I won’t set out explaining the whole nation; I neither have the time, nor the interest, nor – most importantly – the knowledge. I’ll describe a scene I saw this afternoon out of the window of my second-floor room.
We live in a moderate neighbourhood, a mixture of the white-collared businessmen who see their white, fat children off to The Heritage School (non-educational features include AC transport), and the class of portly (Lord knows how) bus-drivers and their slightly skinnier helpers that assist the functioning of this sophisticated mode of transport. Oh, and in between there’s the middle class. We belong to the middle class. We have a house, and a second floor on it, by God’s Grace, and a window too. So I was feeling one of those sudden jabs of absent-mindedness that grab me when I’m studying all alone in my room in the afternoons, and I went and opened the window and looked outside. Sparse traffic, auto- and bus-drivers having their fill at an unhygienic roadside eatery that belches voluminous amounts of smoke early in the day, and the general calm of a warm winter afternoon. I was beginning to have that old, familiar, and very strange sensation of not wanting to leave this place called earth ever, when I saw the thing.
A man, dressed in very dark rags was coming this way. His progress was slow. He had patches of cloth wound round his palms which he used to drag himself along the dirty road. He had no feet. His trunk ended in a black piece of cloth that seriously looked like an oval lid fit into the untimely end of the upper half of the body. He swung himself onto his arms and came down gently on this blunt end, and then he moved forth his arms again to repeat the move. He was a half-man ( a phrase that rang out inside my mind then), a half-man — physically, mentally to others. I didn’t see his eyes. But I was sure they weren’t happy eyes. They were sad eyes, disappointed eyes. Sad at what happened to him, disappointed that the world didn’t care. Another man in a sweater, fair in complexion, was coming along behind him. Taller, of course, by at least three feet. Normal. He was on the footpath. The half-man wasn’t. (If he were, maybe he’d be blocking the traffic on the footpath. And maybe he’d learnt this lesson the hard way sometime in the past.) So this other man, when he approached him — he was of course faster than the half-man — looked straight ahead like an F1 driver or a racehorse with half its sight blinded by pieces of leather on either side of his face. He looked straight ahead at the horizon — if ever there was such a thing in Kolkata — and probably crossed the half-man as quickly as he could, so that he could relax his eyes. I didn’t watch. I closed the window. The last glimpse I had of the man in rags made me feel he had no horizon to look to.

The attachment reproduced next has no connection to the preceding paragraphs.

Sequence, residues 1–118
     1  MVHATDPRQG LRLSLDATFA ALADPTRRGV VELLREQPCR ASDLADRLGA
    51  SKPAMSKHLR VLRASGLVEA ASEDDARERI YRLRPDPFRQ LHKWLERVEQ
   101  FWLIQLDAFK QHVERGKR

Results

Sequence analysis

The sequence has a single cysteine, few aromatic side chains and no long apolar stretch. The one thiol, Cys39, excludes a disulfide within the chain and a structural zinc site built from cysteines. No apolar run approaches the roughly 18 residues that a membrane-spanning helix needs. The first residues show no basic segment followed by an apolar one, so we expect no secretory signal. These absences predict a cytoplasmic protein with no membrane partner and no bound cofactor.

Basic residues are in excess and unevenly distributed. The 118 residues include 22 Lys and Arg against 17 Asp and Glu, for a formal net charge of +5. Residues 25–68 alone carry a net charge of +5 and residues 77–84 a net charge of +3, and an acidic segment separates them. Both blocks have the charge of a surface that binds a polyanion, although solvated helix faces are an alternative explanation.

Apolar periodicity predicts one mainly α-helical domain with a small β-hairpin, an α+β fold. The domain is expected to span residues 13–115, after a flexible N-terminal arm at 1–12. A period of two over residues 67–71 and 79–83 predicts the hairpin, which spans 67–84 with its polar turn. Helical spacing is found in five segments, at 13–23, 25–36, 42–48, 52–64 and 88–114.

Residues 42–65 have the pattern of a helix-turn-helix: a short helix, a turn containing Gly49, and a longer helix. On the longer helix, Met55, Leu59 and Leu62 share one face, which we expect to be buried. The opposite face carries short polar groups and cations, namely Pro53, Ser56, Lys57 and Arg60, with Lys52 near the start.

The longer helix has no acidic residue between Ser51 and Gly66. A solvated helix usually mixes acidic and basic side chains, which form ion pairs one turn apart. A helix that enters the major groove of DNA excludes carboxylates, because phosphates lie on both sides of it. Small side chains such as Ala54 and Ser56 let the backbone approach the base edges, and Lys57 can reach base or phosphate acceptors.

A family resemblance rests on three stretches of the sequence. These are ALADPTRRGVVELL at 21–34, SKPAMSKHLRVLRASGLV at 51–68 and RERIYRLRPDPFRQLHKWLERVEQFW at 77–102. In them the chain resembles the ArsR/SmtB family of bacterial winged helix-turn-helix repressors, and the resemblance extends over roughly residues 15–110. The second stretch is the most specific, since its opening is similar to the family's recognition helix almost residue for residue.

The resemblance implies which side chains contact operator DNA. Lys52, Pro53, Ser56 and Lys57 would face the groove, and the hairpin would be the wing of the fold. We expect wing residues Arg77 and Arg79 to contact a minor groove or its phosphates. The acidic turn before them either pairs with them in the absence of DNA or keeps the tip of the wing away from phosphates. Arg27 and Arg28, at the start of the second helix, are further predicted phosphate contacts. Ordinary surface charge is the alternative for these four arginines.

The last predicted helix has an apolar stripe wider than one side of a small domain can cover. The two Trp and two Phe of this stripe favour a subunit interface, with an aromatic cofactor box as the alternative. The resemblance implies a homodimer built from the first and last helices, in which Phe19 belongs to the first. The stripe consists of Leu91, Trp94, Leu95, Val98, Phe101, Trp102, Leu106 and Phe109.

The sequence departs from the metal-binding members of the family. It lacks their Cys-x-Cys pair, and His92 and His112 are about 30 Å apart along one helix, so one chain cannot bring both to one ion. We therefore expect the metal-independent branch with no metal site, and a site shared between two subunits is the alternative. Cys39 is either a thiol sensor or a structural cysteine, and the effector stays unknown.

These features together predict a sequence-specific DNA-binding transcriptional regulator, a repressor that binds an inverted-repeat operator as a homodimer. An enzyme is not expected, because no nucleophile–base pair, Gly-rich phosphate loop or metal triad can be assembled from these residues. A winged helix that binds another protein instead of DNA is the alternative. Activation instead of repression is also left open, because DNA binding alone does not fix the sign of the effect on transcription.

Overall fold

And my name says One Life.